#1
i was wondering how say a band is writing in d harmonic minor, but then all of a sudden they throw in an an E flat and an A flat and maybe an F sharp and still not go out of key? is there a particular term used to describe this?
#2
passing tones?
chromaticisms?
full out modulation?

it depends on exactly what way its done
#5
Quote by glcometdude32
i was wondering how say a band is writing in d harmonic minor, but then all of a sudden they throw in an an E flat and an A flat and maybe an F sharp and still not go out of key?

If they are playing notes not in that scale, they are going out of key. It doesn't neccesarily mean it sounds rubbish, but they are definetly going out of the key.
#6
Going out of key is actually a good thing, since staying in one key tends to sound monotonous after some point.
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#7
The term is accidentals. When used as passing tones in fast passages, they give that cool chromatic feel, and when landed right on they add tension nicely.
#9
Quote by glcometdude32
well for example, the wicked end by avenged sevenfold does this a lot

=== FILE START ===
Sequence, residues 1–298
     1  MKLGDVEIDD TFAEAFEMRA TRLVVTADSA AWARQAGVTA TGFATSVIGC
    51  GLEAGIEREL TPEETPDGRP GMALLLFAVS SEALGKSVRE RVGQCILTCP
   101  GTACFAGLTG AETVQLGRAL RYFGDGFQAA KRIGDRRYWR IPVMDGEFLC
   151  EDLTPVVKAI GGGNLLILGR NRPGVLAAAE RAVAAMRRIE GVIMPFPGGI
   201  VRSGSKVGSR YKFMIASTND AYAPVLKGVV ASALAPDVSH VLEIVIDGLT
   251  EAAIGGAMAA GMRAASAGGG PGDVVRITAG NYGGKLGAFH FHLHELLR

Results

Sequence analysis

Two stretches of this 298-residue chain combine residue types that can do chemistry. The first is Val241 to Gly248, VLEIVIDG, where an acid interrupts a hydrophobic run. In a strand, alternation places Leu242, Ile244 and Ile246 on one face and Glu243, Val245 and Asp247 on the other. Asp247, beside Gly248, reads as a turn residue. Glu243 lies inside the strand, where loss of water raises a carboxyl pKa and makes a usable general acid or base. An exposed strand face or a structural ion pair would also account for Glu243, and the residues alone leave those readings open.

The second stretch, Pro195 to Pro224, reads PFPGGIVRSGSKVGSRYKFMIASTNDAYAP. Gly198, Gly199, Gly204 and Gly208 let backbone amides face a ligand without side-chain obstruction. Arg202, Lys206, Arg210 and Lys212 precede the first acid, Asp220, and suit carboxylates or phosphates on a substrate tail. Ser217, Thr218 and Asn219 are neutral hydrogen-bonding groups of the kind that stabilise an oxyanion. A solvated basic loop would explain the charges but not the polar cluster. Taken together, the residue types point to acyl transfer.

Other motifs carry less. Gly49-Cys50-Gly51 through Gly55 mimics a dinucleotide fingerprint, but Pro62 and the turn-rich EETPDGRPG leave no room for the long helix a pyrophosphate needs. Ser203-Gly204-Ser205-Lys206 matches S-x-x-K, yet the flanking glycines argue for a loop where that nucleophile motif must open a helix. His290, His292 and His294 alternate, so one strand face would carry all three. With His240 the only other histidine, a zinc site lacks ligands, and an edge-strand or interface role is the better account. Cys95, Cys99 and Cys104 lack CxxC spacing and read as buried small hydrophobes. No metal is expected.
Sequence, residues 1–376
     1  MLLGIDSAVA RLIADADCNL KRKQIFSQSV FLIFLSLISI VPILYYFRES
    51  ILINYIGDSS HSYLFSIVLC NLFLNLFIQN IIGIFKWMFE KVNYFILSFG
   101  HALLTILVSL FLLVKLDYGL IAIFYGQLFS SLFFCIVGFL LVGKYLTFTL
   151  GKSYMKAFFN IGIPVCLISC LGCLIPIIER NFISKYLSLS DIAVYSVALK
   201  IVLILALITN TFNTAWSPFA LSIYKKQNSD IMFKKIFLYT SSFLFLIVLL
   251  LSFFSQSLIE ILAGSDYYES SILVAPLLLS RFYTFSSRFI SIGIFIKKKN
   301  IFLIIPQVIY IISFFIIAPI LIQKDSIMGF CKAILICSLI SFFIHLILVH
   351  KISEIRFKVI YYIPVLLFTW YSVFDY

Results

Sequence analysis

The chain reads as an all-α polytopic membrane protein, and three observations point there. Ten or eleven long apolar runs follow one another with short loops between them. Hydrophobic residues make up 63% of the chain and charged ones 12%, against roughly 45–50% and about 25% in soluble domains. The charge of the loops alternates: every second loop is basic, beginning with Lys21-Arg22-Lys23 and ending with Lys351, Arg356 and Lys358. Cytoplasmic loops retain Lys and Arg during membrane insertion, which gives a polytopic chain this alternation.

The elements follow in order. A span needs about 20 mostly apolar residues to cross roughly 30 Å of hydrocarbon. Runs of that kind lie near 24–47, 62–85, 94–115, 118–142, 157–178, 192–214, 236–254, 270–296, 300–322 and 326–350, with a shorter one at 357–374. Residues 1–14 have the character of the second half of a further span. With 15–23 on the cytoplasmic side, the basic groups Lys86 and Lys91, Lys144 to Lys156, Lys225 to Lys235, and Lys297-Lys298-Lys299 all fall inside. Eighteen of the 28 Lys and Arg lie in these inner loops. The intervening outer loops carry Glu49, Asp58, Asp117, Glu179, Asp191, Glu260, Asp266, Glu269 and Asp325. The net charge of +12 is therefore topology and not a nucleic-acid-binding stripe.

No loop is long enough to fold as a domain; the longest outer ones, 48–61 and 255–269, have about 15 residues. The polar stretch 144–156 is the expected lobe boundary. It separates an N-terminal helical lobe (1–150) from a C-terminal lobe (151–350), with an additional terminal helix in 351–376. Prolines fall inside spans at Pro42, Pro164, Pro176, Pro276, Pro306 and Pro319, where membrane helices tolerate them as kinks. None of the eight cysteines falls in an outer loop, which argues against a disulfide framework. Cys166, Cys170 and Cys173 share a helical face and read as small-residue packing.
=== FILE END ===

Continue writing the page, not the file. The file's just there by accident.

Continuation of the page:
Yeah, there are a lot of accidentals (note outside of the key) in that song. The reason they don't sound bad is because a lot of them are used as passing tones (notes to connect two different notes that are apart of the key). Also, there is a lot of, what i would call a tasteful use of chromaticism. They play notes that are flat out not in D minor, but they are used in a way so that they don't sound bad, they just give a slightly altered sound to the lead. The best way to incorporate this element into your songwriting would just be trial and error, sometimes it will sound good, sometimes it won't.
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#10
It also depends on what passing tones you use. You could be playing in D harmonic minor and trow in an F#, which is from D major, or a C natural, which come from the D natural minor scale. As in borrowing tones from other D based scales.
#11
Accidental =/= a note out of key, it is the term for a musical symbol which is used to lower or raise a pitch. Generally this is from the key signature but not necessarily, you get reinder accidentals eg if it was a B natural in the bar before but a Bb in the next you sometimes see the b accidental given.
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